The country also has shining examples of structures that have been purposefully designed as activity-based workplaces such as the National Bank of Australia and Medibank, both based in Melbourne. These buildings are hot-desking environments and designed to increase activity and facilitate movement within the premises.
Perhaps the best endorsement of just how seriously governments are starting to take health and well-being in the workplace is the launch of Fitwel by the Center for Disease Control (CDC) in the US. The CDC co-developed and is the licensed operator of the high-impact healthy building certification that has been created to support healthier offices and improve occupant health and productivity.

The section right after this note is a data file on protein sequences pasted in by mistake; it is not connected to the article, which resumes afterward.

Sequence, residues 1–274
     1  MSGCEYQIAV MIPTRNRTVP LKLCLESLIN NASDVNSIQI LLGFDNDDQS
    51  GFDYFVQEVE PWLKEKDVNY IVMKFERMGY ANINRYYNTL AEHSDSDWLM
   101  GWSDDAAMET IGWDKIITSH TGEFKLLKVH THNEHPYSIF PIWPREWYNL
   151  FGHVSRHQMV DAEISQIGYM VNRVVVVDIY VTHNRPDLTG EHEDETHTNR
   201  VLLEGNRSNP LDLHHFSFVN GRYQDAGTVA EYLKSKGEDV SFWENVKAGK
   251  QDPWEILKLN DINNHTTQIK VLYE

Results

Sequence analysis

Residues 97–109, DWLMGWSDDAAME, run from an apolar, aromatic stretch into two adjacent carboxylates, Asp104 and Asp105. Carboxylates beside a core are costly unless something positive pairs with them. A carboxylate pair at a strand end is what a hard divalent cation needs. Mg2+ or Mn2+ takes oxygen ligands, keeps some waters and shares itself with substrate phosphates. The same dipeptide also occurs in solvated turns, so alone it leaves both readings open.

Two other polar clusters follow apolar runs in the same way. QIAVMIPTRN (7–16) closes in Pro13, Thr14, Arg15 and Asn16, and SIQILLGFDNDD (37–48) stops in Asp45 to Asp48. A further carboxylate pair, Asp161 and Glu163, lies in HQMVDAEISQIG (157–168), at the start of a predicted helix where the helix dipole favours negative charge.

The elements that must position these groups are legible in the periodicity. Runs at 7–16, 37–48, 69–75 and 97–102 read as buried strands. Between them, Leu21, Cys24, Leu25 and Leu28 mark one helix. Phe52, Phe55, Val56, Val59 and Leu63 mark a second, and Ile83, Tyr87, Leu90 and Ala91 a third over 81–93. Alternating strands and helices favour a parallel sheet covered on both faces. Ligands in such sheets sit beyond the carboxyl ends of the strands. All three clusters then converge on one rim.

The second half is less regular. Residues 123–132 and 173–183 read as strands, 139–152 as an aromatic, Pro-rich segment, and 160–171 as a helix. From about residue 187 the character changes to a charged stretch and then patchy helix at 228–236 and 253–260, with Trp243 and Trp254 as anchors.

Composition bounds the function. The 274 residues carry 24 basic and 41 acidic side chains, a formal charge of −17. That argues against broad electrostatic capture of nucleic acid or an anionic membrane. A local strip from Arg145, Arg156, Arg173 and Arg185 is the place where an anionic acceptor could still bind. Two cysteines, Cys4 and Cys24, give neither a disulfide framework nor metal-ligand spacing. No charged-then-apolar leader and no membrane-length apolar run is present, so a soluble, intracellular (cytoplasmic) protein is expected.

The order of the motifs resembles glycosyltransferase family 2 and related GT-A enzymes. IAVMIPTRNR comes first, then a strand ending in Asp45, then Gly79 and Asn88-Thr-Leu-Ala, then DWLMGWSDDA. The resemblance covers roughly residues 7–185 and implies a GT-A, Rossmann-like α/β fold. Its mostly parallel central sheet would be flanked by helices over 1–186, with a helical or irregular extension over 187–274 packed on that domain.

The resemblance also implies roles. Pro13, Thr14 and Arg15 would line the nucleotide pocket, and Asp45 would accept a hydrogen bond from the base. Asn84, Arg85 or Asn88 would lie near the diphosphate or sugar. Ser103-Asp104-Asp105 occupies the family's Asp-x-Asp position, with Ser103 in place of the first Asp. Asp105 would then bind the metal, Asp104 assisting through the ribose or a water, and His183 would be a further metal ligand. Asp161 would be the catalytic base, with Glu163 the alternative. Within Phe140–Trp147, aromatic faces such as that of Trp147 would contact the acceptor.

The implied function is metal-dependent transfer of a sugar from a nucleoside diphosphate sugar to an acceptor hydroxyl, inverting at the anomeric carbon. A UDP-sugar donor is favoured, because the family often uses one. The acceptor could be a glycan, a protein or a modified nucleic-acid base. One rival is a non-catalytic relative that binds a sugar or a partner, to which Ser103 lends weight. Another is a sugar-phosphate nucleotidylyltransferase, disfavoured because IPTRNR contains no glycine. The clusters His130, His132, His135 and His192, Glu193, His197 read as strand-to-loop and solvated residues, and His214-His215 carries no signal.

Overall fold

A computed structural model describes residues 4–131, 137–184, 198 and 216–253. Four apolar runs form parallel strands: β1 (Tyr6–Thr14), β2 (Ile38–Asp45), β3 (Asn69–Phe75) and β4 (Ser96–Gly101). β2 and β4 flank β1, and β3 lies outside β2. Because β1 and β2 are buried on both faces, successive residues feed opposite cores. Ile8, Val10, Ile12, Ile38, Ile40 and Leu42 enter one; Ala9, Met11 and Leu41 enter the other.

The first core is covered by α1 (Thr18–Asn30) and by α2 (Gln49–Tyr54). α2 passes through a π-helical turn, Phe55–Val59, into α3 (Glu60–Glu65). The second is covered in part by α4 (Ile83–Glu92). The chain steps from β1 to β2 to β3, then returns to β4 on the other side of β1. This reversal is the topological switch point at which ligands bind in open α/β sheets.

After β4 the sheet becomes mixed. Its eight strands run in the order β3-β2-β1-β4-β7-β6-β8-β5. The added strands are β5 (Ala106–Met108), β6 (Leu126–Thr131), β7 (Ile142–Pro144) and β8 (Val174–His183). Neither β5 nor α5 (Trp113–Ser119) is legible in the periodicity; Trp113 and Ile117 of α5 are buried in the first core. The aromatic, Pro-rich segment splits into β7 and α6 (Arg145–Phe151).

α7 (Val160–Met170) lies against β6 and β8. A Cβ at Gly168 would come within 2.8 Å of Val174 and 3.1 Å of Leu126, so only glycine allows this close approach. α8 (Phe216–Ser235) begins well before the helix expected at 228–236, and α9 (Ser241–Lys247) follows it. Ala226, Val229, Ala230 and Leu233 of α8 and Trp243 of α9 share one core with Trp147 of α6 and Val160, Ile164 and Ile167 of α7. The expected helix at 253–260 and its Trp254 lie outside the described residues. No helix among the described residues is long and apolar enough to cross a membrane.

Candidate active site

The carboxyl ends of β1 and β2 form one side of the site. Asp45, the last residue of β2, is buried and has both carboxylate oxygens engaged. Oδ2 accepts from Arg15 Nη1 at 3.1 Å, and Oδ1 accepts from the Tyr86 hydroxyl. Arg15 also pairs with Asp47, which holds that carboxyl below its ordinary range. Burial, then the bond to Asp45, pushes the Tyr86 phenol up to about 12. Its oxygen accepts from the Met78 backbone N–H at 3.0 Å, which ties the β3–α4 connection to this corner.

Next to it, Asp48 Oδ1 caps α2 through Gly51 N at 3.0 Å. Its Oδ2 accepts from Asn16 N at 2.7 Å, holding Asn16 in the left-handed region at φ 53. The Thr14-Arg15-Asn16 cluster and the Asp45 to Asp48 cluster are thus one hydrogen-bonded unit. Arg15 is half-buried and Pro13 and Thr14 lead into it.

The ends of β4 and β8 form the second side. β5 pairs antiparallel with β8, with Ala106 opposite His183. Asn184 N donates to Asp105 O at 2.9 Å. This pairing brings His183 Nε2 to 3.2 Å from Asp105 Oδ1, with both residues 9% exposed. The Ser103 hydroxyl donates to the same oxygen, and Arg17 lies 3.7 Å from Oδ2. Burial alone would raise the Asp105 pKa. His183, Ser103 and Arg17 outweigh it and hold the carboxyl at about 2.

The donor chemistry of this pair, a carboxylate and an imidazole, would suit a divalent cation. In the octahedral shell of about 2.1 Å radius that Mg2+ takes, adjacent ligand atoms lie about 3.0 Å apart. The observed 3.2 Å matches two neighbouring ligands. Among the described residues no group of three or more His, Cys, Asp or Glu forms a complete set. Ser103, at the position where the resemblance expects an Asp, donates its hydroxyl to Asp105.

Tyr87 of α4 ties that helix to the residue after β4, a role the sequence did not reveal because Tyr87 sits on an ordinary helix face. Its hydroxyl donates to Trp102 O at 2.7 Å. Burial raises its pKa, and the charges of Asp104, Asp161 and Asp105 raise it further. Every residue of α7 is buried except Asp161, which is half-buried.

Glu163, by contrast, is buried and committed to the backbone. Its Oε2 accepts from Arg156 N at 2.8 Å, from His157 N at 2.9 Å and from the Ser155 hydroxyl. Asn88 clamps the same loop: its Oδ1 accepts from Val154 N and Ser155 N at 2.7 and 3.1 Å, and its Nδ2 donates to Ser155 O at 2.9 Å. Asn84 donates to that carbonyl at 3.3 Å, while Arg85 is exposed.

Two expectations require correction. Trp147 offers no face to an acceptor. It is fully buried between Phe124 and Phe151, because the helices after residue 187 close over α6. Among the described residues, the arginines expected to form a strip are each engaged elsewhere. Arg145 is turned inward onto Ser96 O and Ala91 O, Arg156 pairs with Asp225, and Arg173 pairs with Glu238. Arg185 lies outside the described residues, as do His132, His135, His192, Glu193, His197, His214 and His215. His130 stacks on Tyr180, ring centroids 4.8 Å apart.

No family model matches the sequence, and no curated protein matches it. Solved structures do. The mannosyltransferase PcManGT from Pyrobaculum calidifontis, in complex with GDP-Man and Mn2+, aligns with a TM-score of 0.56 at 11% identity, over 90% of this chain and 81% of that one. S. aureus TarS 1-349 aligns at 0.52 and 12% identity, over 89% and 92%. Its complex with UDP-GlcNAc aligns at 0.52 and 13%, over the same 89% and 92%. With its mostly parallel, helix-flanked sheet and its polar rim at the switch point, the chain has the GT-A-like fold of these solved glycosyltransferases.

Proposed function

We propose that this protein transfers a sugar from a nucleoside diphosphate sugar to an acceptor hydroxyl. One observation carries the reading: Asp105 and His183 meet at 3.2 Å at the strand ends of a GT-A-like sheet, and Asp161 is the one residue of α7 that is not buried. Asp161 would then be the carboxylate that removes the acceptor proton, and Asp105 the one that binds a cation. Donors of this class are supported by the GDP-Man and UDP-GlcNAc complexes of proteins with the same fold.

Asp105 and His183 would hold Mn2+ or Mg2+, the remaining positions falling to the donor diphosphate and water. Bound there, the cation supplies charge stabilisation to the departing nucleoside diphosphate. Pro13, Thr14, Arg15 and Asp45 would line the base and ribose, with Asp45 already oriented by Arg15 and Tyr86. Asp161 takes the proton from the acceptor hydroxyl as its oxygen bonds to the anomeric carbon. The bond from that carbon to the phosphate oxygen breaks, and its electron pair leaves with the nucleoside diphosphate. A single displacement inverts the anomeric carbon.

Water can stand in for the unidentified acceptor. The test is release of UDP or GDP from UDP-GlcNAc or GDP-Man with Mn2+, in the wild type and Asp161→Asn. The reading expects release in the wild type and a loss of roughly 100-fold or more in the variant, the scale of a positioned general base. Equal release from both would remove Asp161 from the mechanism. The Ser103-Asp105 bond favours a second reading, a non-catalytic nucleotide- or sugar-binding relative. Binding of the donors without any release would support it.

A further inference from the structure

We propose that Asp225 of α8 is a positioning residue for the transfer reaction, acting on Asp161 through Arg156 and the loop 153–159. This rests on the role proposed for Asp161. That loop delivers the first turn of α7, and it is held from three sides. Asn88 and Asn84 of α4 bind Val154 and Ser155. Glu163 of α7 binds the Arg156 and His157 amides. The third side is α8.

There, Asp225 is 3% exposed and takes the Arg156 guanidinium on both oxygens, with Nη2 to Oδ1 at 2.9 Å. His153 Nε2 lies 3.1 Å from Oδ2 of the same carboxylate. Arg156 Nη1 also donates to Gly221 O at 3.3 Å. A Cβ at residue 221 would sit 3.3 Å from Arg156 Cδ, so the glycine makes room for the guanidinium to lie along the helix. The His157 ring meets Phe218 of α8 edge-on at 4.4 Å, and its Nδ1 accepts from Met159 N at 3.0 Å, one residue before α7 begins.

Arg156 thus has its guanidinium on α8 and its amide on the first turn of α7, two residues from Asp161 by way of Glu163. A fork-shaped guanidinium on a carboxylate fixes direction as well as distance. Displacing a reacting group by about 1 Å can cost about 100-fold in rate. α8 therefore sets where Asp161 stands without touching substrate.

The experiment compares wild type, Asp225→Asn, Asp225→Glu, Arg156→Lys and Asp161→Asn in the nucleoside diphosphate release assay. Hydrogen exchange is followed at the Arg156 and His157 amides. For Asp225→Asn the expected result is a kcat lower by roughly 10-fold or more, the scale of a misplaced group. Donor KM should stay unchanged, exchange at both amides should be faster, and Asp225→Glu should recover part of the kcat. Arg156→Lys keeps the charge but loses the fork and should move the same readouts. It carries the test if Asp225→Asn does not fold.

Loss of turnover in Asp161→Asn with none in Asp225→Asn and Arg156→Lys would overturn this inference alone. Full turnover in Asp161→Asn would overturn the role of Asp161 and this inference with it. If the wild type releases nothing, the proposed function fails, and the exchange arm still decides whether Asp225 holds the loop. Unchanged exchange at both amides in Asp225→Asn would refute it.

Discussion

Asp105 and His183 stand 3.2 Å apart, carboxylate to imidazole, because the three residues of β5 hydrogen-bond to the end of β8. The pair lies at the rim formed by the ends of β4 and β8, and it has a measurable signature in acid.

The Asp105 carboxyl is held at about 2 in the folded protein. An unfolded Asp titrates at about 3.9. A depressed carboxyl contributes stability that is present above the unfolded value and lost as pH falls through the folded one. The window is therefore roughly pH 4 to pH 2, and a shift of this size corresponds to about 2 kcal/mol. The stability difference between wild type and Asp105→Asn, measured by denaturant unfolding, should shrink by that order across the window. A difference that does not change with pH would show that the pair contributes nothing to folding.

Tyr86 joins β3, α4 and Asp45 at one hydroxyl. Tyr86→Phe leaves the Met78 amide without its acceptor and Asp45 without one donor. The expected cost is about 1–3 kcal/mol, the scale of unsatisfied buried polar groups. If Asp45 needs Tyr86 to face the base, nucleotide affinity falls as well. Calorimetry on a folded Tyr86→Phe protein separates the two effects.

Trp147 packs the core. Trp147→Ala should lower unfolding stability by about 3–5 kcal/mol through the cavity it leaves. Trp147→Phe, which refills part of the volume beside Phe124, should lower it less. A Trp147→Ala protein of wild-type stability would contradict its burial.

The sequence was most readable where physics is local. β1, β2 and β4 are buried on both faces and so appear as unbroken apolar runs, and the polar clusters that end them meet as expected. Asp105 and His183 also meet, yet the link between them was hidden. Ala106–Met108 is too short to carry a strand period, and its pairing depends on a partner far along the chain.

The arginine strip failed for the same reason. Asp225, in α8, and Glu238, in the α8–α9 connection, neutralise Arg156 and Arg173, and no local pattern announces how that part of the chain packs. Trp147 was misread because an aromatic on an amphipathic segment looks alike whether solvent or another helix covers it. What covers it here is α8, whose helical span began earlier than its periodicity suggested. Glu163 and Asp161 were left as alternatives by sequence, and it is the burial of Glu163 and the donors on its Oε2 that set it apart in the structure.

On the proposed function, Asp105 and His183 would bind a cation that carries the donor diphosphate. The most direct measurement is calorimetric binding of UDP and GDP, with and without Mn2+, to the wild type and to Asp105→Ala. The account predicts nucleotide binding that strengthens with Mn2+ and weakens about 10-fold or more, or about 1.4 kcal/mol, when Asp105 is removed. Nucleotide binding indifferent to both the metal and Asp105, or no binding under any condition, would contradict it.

In order to gain certification, the Fitwel Scorecard measures health within 12 sections that impact the design and operations of a site and property interior, such as outdoor spaces, stairwells and location. Fitwel offers a three-star rating and more than 60 cost-effective, design and operational strategies for enhancing building environments.